Larry Lauer and Craig Paiement
The Playing Tough and Clean Hockey Program was developed to teach youth hockey players ages 12 and older to play within the rules and enhance their ability to respond positively to their negative emotions (i.e., through emotional toughness). Hockey players were taught cognitive and emotional skills within a 3 R’s routine to decrease aggressive acts. Three youth ice hockey players identified as frequently exhibiting aggressive behaviors participated in 10 sessions. A single-subject design was used to analyze participants’ aggressive behaviors as well as emotional toughness. Results reveal slight improvements in all participants, with the largest reductions in retaliatory and major aggressive acts. Several key implications for practice are provided including the use of routines and managing emotional responses.
John G.H. Dunn and Janice Causgrove Dunn
The purpose of this study was to examine the relationship between goal orientations, perceptions of athletic aggression, and sportspersonship among elite male youth ice hockey players (M age = 13.08 years). Athletes (N = 171) completed questionnaires to assess their goal orientations, attitudes toward directing aggressive behaviors during competition, and non-aggression-related sportspersonship. In accordance with Vallerand, Deshaies, Cuerrier, Brière, and Pelletier (1996), sportspersonship was conceptualized as a five-dimensional construct. Multiple regression analyses revealed that high ego-oriented athletes were more inclined to approve of aggressive behaviors than those with low ego orientation. Players with higher levels of task orientation (rather than low task orientation) had higher sportspersonship levels on three dimensions. An analysis of goal orientation patterns revealed that regardless of ego orientation, low (compared to high) task orientation was more motivationally detrimental to several sportspersonship dimensions. The practical implications of these results are discussed in the context of Nicholls’s (1989) achievement goal theory.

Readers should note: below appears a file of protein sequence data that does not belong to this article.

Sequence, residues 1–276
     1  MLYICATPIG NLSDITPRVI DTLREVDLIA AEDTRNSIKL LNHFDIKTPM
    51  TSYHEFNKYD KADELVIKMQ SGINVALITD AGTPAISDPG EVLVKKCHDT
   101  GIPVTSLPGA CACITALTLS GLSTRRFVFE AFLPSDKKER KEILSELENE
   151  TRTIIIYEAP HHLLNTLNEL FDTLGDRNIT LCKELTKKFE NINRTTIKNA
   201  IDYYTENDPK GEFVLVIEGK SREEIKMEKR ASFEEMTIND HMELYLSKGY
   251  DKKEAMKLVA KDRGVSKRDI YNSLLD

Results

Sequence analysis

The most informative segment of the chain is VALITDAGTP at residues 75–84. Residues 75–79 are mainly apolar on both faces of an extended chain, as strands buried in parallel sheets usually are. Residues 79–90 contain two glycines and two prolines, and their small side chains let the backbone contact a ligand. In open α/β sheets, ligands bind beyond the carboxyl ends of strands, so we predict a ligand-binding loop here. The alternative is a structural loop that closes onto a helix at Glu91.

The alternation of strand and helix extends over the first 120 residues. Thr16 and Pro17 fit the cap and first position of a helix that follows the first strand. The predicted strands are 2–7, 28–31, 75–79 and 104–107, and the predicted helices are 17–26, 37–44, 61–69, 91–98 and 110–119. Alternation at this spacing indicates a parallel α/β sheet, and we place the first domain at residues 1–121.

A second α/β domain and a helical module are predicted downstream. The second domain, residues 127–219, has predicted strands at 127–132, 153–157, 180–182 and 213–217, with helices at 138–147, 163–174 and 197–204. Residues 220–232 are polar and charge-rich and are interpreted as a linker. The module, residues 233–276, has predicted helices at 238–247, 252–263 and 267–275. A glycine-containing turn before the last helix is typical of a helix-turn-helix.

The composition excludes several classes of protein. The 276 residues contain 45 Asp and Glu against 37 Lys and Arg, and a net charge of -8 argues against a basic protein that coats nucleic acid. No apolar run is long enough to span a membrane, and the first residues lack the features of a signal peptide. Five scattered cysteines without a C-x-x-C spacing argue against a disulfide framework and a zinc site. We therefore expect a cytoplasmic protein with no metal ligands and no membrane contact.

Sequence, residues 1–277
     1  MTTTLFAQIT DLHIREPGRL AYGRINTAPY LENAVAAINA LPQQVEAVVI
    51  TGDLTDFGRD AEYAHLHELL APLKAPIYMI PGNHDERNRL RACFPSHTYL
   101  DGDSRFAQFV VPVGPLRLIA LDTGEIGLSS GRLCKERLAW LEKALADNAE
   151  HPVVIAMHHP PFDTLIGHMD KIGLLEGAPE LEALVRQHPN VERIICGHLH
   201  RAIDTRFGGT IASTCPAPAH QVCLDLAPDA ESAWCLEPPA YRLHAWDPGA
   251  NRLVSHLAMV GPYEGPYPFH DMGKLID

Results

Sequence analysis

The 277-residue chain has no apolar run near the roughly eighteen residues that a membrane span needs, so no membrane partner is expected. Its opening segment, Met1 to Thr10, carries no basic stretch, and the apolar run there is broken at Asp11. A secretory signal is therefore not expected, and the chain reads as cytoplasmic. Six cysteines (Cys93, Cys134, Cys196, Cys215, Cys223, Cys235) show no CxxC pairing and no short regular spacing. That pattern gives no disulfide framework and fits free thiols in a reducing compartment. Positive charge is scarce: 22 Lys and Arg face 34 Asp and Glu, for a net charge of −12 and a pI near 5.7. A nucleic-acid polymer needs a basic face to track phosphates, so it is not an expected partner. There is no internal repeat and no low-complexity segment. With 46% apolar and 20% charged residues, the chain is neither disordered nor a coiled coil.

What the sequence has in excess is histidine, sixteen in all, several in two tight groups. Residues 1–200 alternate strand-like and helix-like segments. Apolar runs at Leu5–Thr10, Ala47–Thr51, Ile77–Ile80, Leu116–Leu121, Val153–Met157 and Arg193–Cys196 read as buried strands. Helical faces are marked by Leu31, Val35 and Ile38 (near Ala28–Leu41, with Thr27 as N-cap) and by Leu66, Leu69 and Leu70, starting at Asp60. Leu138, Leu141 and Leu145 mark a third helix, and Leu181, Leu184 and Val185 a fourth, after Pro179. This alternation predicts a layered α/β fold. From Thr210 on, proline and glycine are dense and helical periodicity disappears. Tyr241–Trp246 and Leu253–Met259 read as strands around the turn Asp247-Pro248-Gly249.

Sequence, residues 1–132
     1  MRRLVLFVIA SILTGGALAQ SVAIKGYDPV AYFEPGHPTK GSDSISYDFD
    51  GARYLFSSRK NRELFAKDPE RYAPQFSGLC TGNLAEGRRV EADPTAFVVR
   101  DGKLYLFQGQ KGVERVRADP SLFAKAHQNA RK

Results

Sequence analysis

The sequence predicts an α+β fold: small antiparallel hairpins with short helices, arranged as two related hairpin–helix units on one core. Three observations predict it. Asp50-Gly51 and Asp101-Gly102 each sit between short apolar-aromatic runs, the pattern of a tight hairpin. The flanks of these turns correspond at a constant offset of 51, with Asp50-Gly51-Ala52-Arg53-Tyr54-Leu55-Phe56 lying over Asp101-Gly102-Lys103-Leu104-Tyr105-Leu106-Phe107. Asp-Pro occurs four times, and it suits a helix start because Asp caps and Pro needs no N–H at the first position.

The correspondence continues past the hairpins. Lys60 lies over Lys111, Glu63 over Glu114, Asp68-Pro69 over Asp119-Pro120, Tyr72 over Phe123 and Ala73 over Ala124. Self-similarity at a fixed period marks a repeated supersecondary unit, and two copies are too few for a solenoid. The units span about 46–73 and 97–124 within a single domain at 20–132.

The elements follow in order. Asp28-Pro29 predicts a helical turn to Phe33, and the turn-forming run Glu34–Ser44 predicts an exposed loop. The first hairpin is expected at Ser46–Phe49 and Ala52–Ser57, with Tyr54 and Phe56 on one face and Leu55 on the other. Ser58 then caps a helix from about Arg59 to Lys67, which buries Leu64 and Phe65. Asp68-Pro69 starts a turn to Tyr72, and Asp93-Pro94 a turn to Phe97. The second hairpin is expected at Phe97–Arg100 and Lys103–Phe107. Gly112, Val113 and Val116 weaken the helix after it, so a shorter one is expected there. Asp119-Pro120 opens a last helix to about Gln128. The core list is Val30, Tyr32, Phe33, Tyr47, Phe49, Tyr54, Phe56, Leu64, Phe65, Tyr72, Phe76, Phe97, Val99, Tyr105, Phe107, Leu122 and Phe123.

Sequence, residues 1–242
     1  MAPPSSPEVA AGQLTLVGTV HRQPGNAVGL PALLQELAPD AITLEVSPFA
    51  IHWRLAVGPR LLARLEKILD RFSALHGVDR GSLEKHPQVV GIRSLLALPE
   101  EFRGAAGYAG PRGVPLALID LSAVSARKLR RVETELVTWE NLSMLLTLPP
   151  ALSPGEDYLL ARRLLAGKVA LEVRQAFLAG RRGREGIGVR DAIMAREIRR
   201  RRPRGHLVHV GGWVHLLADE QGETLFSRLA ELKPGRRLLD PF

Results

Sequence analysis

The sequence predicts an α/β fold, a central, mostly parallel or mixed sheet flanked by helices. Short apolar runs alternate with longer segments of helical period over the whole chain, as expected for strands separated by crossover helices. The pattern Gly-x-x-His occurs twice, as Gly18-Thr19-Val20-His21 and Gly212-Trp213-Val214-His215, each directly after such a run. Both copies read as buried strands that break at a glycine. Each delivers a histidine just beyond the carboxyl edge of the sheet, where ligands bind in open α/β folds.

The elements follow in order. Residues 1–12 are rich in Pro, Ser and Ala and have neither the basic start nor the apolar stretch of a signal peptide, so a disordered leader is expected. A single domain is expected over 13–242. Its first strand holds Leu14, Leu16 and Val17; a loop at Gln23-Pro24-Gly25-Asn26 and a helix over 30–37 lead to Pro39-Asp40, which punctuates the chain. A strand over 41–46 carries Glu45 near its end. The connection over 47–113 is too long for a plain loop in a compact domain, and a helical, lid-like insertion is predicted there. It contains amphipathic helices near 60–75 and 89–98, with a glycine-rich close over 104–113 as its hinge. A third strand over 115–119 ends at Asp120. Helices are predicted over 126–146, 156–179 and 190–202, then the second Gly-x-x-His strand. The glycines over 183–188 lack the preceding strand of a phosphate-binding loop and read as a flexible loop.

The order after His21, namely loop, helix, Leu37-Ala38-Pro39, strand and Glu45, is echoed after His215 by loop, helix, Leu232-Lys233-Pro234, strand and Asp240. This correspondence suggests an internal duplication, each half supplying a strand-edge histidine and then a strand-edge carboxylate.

Martina Micai, Maria Kavussanu, and Christopher Ring
Poor executive function has been linked to increased antisocial and aggressive behavior in clinical and nonclinical populations. The present study investigated the relationship between executive and nonexecutive cognitive function and antisocial behavior in sport as well as reactive and proactive aggression. Cognitive function was assessed in young adult male and female athletes using the Cambridge Neuropsychological Test Automated Battery (CANTAB). Antisocial behavior in sport and aggression were assessed via self-report instruments and were found to be positively correlated. Executive function (but not nonexecutive function) scores were negatively correlated with both self-reported antisocial behavior and aggression in males but not females. Our findings suggest that prefrontal deficits among male athletes could contribute to poor impulse control and difficulty in anticipating the consequences of their antisocial and aggressive behavior.
Philip E. Varca